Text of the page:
European Data Protection Supervisor
Der Europäische Datenschutzbeauftragte

Big step towards coherent enforcement in the digital economy

Big step towards coherent enforcement in the digital economy

Thursday, 7 February, 2019

The Federal Competition Authority has issued its decision on the lawfulness of Facebook's data processing. As its q&a document explains, you cannot extricate the interests of consumers, including their rights to privacy and data protection, from the responsibilities of dominant companies under competition law.

We have consistently supported competition authorities taking action to combat abuse of dominance in a market by means of exploitation of consumers (in accordance with Article 102 of the Treaty).  We are therefore encouraged by this decision by the Bundeskartellamt.

This case is the tip of the iceberg - all companies in the digital information ecosystem that rely on tracking, profiling and targeting should be on notice.

Fundamental rights are at particular risk where companies become so powerful that they can determine their own means and purposes of data processing with little or no regard to the wishes and reasonable expectations of individuals or alternative approaches from would-be competitors.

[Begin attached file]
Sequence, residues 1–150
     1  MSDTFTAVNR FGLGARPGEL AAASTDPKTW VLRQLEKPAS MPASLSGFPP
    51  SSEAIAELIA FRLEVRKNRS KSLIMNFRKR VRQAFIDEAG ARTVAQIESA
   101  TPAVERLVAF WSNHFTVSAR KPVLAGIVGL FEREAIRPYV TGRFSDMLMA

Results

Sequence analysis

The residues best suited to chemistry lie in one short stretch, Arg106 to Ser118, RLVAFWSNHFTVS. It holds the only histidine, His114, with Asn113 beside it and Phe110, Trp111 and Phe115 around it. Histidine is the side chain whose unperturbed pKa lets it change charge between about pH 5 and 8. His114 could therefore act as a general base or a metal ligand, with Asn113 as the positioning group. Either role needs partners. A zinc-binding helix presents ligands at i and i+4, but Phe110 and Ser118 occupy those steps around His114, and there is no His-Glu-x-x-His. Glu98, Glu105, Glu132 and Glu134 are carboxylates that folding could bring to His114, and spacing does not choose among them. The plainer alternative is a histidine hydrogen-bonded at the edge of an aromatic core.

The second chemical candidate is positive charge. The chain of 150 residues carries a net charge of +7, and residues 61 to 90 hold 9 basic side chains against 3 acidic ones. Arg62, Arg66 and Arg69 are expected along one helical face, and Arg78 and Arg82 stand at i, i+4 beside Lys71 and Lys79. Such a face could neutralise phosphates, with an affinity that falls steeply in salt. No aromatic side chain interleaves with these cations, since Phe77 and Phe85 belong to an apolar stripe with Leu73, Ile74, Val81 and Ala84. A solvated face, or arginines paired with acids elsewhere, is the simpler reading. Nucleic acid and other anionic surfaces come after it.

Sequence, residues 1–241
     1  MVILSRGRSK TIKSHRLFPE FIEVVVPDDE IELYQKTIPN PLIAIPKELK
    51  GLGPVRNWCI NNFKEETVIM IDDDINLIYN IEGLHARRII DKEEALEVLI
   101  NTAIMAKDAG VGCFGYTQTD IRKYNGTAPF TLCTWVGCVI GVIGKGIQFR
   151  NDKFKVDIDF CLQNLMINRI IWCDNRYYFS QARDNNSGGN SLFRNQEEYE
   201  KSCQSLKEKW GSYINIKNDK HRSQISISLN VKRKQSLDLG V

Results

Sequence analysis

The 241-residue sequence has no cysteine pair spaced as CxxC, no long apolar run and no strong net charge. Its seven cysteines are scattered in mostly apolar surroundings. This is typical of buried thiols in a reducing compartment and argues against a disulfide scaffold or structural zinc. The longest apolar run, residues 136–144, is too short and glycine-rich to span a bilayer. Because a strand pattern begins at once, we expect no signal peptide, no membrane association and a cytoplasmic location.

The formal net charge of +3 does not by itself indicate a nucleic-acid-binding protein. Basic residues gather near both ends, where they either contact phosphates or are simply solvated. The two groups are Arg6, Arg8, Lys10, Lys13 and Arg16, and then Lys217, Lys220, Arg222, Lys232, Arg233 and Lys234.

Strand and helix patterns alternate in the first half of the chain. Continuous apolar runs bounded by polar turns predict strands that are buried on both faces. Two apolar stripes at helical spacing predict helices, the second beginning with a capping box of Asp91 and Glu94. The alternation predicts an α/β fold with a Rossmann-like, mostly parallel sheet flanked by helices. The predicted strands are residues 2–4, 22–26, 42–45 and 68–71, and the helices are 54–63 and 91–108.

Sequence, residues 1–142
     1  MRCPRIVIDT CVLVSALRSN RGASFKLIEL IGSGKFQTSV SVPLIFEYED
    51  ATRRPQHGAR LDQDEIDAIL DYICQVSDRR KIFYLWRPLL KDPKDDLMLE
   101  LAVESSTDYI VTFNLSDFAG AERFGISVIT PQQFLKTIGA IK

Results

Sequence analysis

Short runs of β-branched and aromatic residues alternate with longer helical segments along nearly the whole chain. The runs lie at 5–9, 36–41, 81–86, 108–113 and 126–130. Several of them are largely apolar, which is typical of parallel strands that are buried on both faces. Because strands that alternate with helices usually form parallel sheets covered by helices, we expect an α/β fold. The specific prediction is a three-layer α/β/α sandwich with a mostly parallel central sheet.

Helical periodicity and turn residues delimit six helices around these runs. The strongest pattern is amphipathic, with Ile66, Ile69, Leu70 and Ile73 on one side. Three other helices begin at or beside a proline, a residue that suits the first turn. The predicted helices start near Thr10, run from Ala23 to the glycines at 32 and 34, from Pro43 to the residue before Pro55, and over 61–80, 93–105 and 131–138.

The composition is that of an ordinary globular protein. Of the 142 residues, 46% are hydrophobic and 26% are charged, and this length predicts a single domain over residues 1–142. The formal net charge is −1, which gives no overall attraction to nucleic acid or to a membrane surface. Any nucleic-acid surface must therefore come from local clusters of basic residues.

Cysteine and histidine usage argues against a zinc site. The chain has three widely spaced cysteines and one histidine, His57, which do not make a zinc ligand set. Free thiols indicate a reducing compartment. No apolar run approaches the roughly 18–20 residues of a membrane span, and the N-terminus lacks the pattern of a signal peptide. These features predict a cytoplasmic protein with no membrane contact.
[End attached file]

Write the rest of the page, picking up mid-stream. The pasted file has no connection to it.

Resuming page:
Take it or leave “privacy policies”, opaque and unchallengeable practices like profiling and targeting and multiple obscure third-party agreements for data sharing are, for us, examples of exploitative abuse.  

It is not necessary for competition authorities to enforce other areas of law; rather they need simply to identity where the most powerful undertakings are setting a bad example and damaging the interests of consumers.  Data protection authorities are able to assist in this assessment. EU DPAs sitting in the EDPB have already offered their expertise in 2018.   Dominant companies should set a good example which is then likely to be emulated by competitors in the market.

Partly to that end, the EDPS has facilitated dialogue and information sharing between competition, data protection and consumer protection authorities through the Digital Clearinghouse, which meets several times a year.

Powerful tech companies pose multiple challenges to lawmakers in Europe and elsewhere on many levels and vigorous enforcement of competition rules in the EU is one important element in addressing them. But further work, notably investigations by several EU DPAs, is still ongoing and we look forward to first decisions which we expect later this year.